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  • Writer's pictureD.S. Ritter

Seven Blades in Black by Sam Sykes

Updated: Jun 1, 2020

Let me preface this by saying this is the first Sam Sykes book I’ve read, but it’s definitely not going to be the last. Seven Blades in Black is equal parts fun, super-violent romp, revenge story and mystery, which is a fantastic combination. Set in a fresh, interesting fantasy world with a deep history full of war and deception, the whole story is rich with detail that won’t bore you.

Sal the Cacophony

Sal is who the story is all about. It’s told to us as she tells it to her jailer on the night of her execution. And let me just warn the squeamish, she is not a lady about it.

Sal belongs to a special class of people called Vagrants. The long and the short of that is, these are incredibly powerful, dangerous mages who abdicated their duties to the Empire and are now out in the world, running amok. Within the first few chapters we get to hear about her facing down Daiga, a graspmage, who uses his power to move inanimate objects. It is an epic fight, in which we learn that for mages, power comes with a price. I’ll talk about that more in a minute.

Anyway, Sal is my favorite kind of heroine. She’s flawed, she’s a bad ass and she’s just kind of a lovable asshole in the best sense. She drinks, she swears, she rolls around in bed with whoever interests her, and does a lot of underhanded stuff, hurting some people she knows she shouldn’t. And I think she’s addicted to operas… But, she’s seen some shit, and while she can be awful, there is darker evil out there that needs a bullet in it.

Aided by the Cacophony, a terrifying magical gun that shoots magic bullets with names like Hoarfrost and Hellfire, Sal is working through a revenge list ala Kill Bill, working up the leader, Vraki the Gate. Luckily, Vraki seems to have cooked up a world-shaking evil plot, so Sal has an excuse for her bloodshed.

The Magic System

The magic in this world makes for some seriously awesome fights. There are mages who can control the weather, there are mages who can create hallucinations, change their forms, or are nearly indestructible. But it all comes at a price, which is called the barter. And mages trade with a being they call The Lady Merchant. The price of their power is different, depending on their gift. Daiga, the graspmage we meet in the early part of the book, sacrifices his memories to move things via magic. The greater the magic, the dearer the barter.

Magic is also the reason behind what is essentially a never-ending civil war between the Empire and the Revolution. On the side of the Empire, mages. On the side of the Revolution, non-magical people (or nulls as the mages call them) armed with guns and machines powered by ancient and mysterious magical artifacts. This civil war forms the backdrop and also some massive obstacles for Sal in her quest for revenge.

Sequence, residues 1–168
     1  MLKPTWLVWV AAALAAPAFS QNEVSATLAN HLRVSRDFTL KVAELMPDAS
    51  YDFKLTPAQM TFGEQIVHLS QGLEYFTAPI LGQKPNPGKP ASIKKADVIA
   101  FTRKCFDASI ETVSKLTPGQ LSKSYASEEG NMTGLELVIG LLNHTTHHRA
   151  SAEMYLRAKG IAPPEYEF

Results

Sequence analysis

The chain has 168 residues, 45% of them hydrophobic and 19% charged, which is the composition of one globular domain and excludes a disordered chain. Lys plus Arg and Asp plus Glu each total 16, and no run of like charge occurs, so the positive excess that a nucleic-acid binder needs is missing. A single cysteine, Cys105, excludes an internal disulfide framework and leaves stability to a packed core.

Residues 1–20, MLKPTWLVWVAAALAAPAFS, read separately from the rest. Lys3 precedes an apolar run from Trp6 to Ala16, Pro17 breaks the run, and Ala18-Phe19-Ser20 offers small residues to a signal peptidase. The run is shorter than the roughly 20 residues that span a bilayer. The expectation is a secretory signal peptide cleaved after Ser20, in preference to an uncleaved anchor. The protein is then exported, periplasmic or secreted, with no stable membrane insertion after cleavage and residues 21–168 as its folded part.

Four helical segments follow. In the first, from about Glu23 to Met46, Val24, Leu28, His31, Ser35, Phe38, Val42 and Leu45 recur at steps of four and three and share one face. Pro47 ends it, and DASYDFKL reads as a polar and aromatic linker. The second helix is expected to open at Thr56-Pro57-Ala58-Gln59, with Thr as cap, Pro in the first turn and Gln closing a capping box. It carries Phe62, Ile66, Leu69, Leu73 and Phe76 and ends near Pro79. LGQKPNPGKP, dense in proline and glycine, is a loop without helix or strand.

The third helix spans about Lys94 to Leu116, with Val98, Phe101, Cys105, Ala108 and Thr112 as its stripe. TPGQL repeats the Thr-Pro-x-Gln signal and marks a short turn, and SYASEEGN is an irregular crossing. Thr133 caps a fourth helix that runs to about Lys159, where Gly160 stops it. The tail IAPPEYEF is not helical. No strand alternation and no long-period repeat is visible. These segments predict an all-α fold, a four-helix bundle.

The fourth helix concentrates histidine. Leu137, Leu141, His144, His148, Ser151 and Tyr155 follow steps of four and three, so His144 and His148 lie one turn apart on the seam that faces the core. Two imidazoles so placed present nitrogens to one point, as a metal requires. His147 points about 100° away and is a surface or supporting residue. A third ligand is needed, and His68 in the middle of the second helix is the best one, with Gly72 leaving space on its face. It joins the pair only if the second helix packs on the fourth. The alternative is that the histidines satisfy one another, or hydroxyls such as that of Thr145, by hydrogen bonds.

Complex Relationships

So, if you’re looking for healthy, stead-fast relationships, this is not the book for you… Sal is a living train wreck when it comes to interpersonal relationships, both in her past and in her present. Her two travelling companions (not counting Congeniality, who is a bird) both experience this first-hand. Liette is an old friend and lover who has put up with Sal again and again, much to Sal’s massive guilt. Their relationship is deep and interesting and more than a little sad. Cavric is a wide-eyed young man from the Revolution, maybe a little naive, who has no romantic interest in Sal whatsoever, but still gets caught up in her business and the pain she brings just about everyone in her life.

She’s like a self-aware James Bond in this way, hurting just about every life she touches, but also feeling bad about it.

The Story Unfolds Gradually

Another aspect of Seven Blades I really enjoyed was how it was masterfully unfolded. As we are told the story chronologically, secrets are revealed that put pieces of the past together and make the current situation clearer and clearer. It’s one of those stories where as it’s told the present situation shifts when we gain the perspective of the past. Think a story like The Usual Suspects, where the reader is putting together the truth as the detective is, but, is the truth actually the truth? I’m not going to spoil the ending, but it is a lot of fun. Can’t help but love untrustworthy narrators.


If you're looking for a book that's funny, action-packed and full of colorful (albeit somewhat horrible) characters, monsters, fighting and magic, I highly, highly recommend this one.

What it's like:

If Final Fantasy and The Usual Suspects got together and had a book baby, Seven Blades in Black would be it.

My Favorite Quote:

I know what you’re thinking. “Gosh, she really ought to wear armor or something, given the rate at which she gets injured.” To which I have two answers. The first being: Fuck you, I look fabulous.

Sykes, Sam. Seven Blades in Black (The Grave of Empires) (Kindle Locations 5347-5349). Orbit. Kindle Edition.

Bechdel Test: Pass


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